On 30 August, ZK-NBS, the first Boeing B747-400 aircraft acquired by Air New Zealand, had a failure in the right hand, trailing edge, inboard fore-flap.
The failure was not immediately noticed by the crew, as the fore-flap retracted normally, there was no instrument indication of a fault, and no visible evidence of the detachment after the flaps had been retracted.
The first indication the crew had of a problem was when the flaps were being deployed to Los Angeles Airport. The crew could not get the desired landing flap setting, conducted a go around; and then selected a second setting and landed without incident. At the terminal the remains of the fore-flap were seen, together with other damage caused during the failure and subsequent operations of the flap.
At about the same time, a local fisherman on the Manukau harbour, discovered a piece of debris which was later determined to be part of the fore-flap assembly.
Operations staff immediately initiated disrupt procedures; engineering and safety staff started to mobilise and the Civil Aviation Authority and the Transport Accident Investigation Commission were advised of the incident.
Group Safety and ANZES established formal investigative teams, and the TAIC established its independent investigating team. Air New Zealand is co-operating fully with TAIC and keeping the Civil Aviation Authority fully informed.
A small ANZES team was despatched to Los Angeles to carry out inspection and repair on the aircraft, with assistance from United Airlines, one of our Star partners, and United Engineering.. They spent last week examining the aircraft, removing and providing the failed parts to the investigator from TAIC. The US National Transportation Safety Board acted on behalf of TAIC in the USA.
A portion of the fore-flap was still attached to the aircraft and there was significant damage to the mid-flap, and minor structure behind the wing. Minor damage to the fuselage and horizontal stabiliser was also found. A failed lug of a fore-flap link was found within the wing of the aircraft. This small piece of metal has proven to be a vital piece of evidence and was taken into custody of the NTSB for delivery to TAIC.
Even counting the portions found in the Manukau, there are still missing pieces despite extensive searching to date. It is becoming more and more likely that these will not be found. TAIC has advised us that it is satisfied that it has sufficient material to make a determination on causes, and further searching is not warranted.
Back in New Zealand, following the report of the incident, ANZES immediately conducted a visual inspection of the 747 fleet to ensure that there were no other immediate issues. Nothing untoward was found.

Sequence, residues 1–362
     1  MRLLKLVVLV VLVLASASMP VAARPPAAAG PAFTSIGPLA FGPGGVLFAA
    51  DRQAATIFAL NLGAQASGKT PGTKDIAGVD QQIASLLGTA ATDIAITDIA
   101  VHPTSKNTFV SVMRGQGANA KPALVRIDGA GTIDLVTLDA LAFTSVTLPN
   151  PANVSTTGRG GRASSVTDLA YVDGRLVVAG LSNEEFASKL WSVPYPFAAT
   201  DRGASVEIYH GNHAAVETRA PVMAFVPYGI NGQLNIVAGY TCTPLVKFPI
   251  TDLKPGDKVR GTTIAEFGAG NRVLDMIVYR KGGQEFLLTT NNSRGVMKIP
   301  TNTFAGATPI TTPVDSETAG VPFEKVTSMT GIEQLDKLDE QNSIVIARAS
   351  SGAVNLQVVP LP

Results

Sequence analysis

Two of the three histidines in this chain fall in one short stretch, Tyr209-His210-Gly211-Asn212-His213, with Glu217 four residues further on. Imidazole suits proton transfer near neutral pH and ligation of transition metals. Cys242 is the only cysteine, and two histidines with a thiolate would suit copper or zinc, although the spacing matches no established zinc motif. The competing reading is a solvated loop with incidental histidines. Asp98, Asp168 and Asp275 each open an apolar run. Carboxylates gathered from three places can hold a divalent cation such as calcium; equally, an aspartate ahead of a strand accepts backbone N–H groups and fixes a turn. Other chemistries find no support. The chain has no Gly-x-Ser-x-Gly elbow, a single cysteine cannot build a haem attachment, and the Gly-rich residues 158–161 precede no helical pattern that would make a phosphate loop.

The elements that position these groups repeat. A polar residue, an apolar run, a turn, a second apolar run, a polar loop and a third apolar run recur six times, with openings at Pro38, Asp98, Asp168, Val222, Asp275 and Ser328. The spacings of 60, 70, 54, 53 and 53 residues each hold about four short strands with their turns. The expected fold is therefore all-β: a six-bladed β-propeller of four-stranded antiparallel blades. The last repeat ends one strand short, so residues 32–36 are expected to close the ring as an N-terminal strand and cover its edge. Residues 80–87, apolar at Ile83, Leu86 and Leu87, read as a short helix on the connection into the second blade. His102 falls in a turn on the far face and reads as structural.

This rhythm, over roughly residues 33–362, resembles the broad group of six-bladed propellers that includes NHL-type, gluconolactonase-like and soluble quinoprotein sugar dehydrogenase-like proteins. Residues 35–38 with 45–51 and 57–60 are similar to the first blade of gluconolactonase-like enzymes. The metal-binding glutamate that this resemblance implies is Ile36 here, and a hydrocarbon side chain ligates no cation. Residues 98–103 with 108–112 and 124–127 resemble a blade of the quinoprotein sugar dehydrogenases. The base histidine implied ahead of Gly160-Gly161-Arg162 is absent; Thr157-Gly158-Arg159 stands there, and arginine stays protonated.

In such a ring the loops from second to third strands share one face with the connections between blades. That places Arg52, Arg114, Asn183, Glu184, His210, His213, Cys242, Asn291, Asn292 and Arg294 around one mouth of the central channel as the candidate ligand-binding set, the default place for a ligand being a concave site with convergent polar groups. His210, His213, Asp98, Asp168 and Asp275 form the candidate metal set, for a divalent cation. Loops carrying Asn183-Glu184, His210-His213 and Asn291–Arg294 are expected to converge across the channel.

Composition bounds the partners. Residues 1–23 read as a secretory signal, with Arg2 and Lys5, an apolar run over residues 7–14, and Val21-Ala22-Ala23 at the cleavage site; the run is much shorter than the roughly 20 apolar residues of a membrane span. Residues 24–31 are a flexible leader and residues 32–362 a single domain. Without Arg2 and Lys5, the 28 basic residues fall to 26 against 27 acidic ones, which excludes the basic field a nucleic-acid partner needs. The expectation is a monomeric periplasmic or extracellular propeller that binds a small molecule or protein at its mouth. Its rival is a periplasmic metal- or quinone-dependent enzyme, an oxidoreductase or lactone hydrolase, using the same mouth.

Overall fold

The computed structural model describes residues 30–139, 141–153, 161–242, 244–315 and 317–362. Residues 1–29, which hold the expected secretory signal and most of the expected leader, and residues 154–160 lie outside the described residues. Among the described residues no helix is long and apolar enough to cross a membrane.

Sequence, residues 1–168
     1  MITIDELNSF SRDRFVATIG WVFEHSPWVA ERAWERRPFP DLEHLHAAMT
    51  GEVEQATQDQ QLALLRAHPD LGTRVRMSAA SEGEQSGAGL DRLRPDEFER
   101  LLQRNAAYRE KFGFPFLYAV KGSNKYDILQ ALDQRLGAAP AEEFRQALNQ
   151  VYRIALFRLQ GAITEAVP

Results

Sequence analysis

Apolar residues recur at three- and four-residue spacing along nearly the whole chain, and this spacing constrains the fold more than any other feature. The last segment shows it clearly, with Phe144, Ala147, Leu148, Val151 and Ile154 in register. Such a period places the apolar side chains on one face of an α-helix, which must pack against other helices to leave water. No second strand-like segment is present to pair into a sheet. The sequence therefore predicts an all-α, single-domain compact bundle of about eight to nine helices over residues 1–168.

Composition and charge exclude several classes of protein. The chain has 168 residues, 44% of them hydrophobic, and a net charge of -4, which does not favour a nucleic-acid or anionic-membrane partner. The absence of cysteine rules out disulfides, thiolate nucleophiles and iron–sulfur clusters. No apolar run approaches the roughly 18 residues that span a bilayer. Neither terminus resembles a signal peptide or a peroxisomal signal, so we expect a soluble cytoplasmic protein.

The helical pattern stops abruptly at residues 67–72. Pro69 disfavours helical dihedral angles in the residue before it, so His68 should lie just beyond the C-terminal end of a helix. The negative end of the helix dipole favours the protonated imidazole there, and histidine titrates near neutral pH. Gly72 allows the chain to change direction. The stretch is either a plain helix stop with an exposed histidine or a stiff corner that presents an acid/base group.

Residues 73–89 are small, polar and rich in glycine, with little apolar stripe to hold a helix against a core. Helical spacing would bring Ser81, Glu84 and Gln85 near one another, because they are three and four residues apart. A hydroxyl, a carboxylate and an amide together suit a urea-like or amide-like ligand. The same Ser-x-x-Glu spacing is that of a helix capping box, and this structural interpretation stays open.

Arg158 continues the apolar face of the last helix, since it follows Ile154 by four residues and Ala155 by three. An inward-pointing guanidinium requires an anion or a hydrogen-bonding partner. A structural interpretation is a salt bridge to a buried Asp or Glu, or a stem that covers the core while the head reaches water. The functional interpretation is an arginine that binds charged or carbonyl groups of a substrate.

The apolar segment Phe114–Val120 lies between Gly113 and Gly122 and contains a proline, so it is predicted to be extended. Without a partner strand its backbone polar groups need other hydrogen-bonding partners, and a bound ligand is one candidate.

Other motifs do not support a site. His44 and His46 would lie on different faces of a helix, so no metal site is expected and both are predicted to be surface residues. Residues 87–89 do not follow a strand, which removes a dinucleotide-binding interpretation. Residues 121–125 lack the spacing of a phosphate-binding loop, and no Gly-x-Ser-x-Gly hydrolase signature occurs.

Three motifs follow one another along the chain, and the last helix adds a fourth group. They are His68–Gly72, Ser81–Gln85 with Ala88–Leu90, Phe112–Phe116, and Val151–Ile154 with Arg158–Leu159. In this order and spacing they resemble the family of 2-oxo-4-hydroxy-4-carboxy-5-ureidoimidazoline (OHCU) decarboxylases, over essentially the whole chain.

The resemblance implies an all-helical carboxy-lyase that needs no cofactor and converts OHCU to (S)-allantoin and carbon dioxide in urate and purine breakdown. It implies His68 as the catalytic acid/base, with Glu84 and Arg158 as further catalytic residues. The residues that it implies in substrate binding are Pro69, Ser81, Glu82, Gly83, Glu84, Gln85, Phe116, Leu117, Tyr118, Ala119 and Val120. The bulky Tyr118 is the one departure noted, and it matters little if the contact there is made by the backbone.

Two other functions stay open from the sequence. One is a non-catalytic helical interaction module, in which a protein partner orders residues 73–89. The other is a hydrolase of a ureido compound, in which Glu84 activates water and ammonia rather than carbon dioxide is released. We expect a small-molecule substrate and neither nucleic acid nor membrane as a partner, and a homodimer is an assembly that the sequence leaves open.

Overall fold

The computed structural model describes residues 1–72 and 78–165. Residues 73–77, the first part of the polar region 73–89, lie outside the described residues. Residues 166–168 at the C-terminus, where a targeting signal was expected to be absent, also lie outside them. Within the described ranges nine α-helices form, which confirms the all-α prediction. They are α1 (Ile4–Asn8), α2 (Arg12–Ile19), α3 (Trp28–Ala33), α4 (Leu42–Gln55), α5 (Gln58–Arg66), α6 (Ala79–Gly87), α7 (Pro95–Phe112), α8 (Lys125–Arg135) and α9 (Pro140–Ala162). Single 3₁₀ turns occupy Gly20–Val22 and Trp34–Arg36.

The ANZES team has reviewed all of the data surrounding the flap, and had discussions and data from Boeing.
The following relevant facts have been provided by Boeing:
* The world-wide 747 fleet has experienced previous fore-flap detachments, and several other operators have reported these events, with the last event reported last May * On the world-wide 747-400 fleet there have been 3 previous failures within the last 5 years that have been attributed to a failure of this very same link * Boeing advised that the lug failure would be the most likely cause of the detachment, and the consequent failures and missing parts had been seen on these earlier incidents * The link attachments are critical and carried all the fore-flap loads. Other failures appeared similar to ours. As a result of this data, ANZES quickly instituted an NDT (Non destructive test) inspection of the fleet, focussed on the lug that failed. As one aircraft was being prepared for the NDT test, signs of corrosion product staining were observed on one lug. While this did not indicate a failure was imminent, as a precaution, the lug was removed and replaced with one off a 744 that was in the hangar for a maintenance check. The replacement lug was checked and cleared as sound before installation in the aircraft being returned to service.
Probable causes of failure: ANZES management, in conjunction with the Air New Zealand Safety and ANZES investigation teams, then reviewed their findings to date. These findings are : * The configuration control and maintenance practices that are used in regard to the fore-flap assembly and components were fully compliant with the Boeing and NZ Civil Aviation Authority requirements * The probable causes of the lug failure were some initial movement in a bearing face, then some corrosion in a bearing face, followed by some stress cracking and then fatigue cracking leading to fracture. (All of this will be confirmed or added to once detailed metallurgical studies of the fracture face are completed)
Corrective actions: * At the next `A` check on ZK-NBS this weekend, ANZES will perform some sample inspections of the out-board fore-flap links, as a prudent precautionary step * ANZES will replace all the inboard lugs on the inboard fore-flaps on the 747-400 operating fleet during routine maintenance `A` checks. The parts have been obtained, and the fleet will have the new parts installed by the end of the month * This is also clearly a precautionary action, but given the possibility of a wider industry issue arising from this incident and subsequent pressure on spares, the company has acted prudently * ANZES will now work with Boeing to determine if any specific maintenance procedures should be introduced into the maintenance programme at Air New Zealand, or for the B747-400 fleet world-wide. These outcomes and actions have been fully endorsed by Senior Management, and have been communicated to the TAIC investigators.